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Review: PlayJam GameStick

The $79 PlayJam GameStick is an entertaining Android console for kids and casual gamers, but it needs more software to become a must-buy.

Our Verdict

The $79 PlayJam GameStick is an entertaining Android console for kids and casual gamers, but it needs more software to become a must-buy.


  • Affordable
  • Comfortable controller
  • Highly portable and easy to set up


  • Small game library with few high-profile titles
  • Not for hardcore gamers
  • No access to full Google Play store

Design, Controller, Setup, Interface

Android gaming consoles are developing a market all their own, allowing casual players to enjoy mobile games on their TVs. PlayJam's GameStick is one of the newest devices of this kind, packing a big-screen gaming experience within a small HDMI stick. The $79 console is easy to use and provides access to cheap, fun games, but it's a few apps away from greatness.


No bigger than a Nestle KitKat, the 2.8 x 1.1 x 0.4-inch, 0.75-ounce GameStick is a small, white-plastic device that looks a bit like Google's Chromecast and is easier to stick in your pocket than the cube-shaped, 2.9 x 2.9 x 3.2-inch, 11-ounce Ouya. The stick has perforations throughout to keep it cool, including a carved-out GameStick logo on the front and back.

The GameStick's top edge has a microUSB port, as well as a miniscule reset button that requires a fingernail to activate. On the opposite side of the stick's HDMI input is a microSD slot for up to 32GB of extra storage.

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The GameStick's white-plastic controller combines the flat, rectangular design of classic Nintendo gamepads with the button layout of modern Xbox 360 and PlayStation 3 peripherals. The wireless controller can be charged via microUSB and connects to the GameStick via Bluetooth 4.0.

The GameStick pad has two control sticks: one on the upper left and another on the bottom right. There's a directional pad on the bottom left, while the A, B, X and Y buttons rest on the top right. Power, Back, Start and the Home button can all be found in the middle.

The gamepad's top edge has a shoulder button on each side, as well as a compartment for storing the GameStick itself. The bottom edge has four LED lights that identify whether you're player one, two, three or four during multiplayer games. Next to the indicator is a microUSB port for charging the controller.

The 6-ounce GameStick controller feels comfortable and intuitive, especially if you're used to a console gamepad. The plastic build felt solid in our hands, and we had no trouble navigating our thumbs across the various buttons. Each control stick provides a satisfying click when you apply pressure, though we wish the A,B,X and Y face buttons were a bit more springy.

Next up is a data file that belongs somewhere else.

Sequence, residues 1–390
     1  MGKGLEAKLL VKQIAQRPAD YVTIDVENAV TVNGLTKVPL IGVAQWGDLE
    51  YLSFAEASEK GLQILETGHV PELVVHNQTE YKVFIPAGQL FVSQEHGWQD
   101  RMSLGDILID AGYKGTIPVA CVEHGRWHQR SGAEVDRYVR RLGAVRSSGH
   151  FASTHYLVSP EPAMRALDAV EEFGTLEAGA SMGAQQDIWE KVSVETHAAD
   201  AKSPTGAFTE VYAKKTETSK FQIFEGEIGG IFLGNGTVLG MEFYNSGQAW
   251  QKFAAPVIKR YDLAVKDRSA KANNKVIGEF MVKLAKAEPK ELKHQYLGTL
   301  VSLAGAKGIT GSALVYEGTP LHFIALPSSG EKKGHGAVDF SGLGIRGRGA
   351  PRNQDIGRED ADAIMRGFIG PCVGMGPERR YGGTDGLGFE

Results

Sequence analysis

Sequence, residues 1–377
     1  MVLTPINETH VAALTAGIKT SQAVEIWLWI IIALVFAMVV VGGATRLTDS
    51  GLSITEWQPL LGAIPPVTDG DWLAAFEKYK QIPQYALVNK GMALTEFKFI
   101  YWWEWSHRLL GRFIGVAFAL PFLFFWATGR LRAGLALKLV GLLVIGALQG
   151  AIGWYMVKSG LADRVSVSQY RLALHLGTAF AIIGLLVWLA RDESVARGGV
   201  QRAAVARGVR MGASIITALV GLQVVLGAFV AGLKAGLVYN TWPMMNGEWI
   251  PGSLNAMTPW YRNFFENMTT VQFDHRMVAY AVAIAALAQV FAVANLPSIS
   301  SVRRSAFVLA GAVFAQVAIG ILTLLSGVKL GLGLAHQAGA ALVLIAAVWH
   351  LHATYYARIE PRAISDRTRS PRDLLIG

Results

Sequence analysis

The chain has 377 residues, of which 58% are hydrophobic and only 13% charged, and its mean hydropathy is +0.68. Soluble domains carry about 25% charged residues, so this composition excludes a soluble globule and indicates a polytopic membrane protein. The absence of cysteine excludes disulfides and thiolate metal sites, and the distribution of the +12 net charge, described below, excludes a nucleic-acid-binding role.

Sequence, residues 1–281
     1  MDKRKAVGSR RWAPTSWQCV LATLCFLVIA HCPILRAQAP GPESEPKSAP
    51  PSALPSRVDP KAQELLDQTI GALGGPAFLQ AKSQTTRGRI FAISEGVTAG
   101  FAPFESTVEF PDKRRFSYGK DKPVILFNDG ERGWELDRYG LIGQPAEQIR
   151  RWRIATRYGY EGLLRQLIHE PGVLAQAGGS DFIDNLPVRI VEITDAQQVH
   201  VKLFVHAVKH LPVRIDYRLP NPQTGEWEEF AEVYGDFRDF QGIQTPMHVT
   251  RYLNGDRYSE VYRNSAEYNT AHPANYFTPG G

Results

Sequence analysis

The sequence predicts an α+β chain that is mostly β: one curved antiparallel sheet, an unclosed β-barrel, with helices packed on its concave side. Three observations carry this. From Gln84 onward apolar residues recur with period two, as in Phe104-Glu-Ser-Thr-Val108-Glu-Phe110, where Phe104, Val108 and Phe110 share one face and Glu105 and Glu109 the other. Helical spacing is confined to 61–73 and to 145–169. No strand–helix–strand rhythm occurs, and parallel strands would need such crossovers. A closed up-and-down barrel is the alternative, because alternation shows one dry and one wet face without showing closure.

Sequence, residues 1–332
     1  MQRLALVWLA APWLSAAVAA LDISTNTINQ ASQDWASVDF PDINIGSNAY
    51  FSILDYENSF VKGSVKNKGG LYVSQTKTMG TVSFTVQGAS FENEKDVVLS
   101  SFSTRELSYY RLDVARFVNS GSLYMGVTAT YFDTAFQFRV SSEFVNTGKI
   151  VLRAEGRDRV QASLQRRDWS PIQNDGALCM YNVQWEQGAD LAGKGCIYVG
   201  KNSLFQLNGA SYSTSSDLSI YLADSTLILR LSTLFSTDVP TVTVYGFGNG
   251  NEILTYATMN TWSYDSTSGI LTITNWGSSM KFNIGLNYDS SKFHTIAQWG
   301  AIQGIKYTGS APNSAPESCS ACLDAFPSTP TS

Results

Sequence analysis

While the GameStick gamepad has a button layout almost identical to that of the Ouya controller, the latter accessory has a more modern shape with two long hand grips, similar to those found on the PlayStation 3 controller. However, the Ouya controller runs on disposable batteries, lacks the Start and Select buttons of the GameStick, and weighs a bit more, at 9.7 ounces.


The GameStick includes a microUSB-to-USB power cable, an HDMI extension cord and a standard microUSB-to-USB cable for the controller. To get the system up and running, you'll need to connect the GameStick directly to your television's HDMI port, either directly or via the extension cable. You'll also need to connect the GameStick to a power source using the included microUSB cable.

The device turns on as soon as it's plugged in and powered. The software setup process is brief, as you'll just need to set up a GameStick account with a username and password, and connect to a Wi-Fi network.

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GameStick's user interface has a sleek, black-and-silver aesthetic. The UI isn't too different than that of the Ouya, with easy-to-navigate menus and large, colorful tiles that display featured and popular games.

Four black tabs on the left side of the screen make up GameStick's main menu, which includes Games, Media, Profile and Settings. The Games tab allows users to sort through the GameStick library, which can be organized by featured content, popular content or Play Now, which only shows games already downloaded to the console.

Under the Profile tab, users can add credit to their GameStick account via credit card or redemption code. This menu contains four parental-control filters, which allow owners to enable content for ages 3 and up, 7 and up, 12 and up or 17 and up. You'll need to enter your GameStick password to change the filter, which reduces the chance of your little one turning off the mature filter. Unfortunately, the GameStick does not support multiple profiles.

The Settings menu has a bevy of options, including an App Manager for viewing downloads and deleting games, and a Controller Pairing menu for managing multiple gamepads. There's also the standard gamut of console settings, including Wi-Fi, Sound and Display, Screen Position, and Language Select.